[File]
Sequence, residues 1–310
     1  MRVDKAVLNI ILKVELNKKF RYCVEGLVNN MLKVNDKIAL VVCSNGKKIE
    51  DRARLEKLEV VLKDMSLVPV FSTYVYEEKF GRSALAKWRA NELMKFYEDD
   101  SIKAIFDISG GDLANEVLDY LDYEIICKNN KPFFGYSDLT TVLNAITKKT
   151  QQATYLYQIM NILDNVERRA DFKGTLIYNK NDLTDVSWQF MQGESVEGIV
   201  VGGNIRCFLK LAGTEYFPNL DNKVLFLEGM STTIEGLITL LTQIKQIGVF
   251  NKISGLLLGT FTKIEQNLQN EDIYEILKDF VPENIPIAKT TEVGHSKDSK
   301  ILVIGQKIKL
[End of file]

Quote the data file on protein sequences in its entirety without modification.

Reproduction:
Sequence, residues 1–310
     1  MRVDKAVLNI ILKVELNKKF RYCVEGLVNN MLKVNDKIAL VVCSNGKKIE
    51  DRARLEKLEV VLKDMSLVPV FSTYVYEEKF GRSALAKWRA NELMKFYEDD
   101  SIKAIFDISG GDLANEVLDY LDYEIICKNN KPFFGYSDLT TVLNAITKKT
   151  QQATYLYQIM NILDNVERRA DFKGTLIYNK NDLTDVSWQF MQGESVEGIV
   201  VGGNIRCFLK LAGTEYFPNL DNKVLFLEGM STTIEGLITL LTQIKQIGVF
   251  NKISGLLLGT FTKIEQNLQN EDIYEILKDF VPENIPIAKT TEVGHSKDSK
   301  ILVIGQKIKL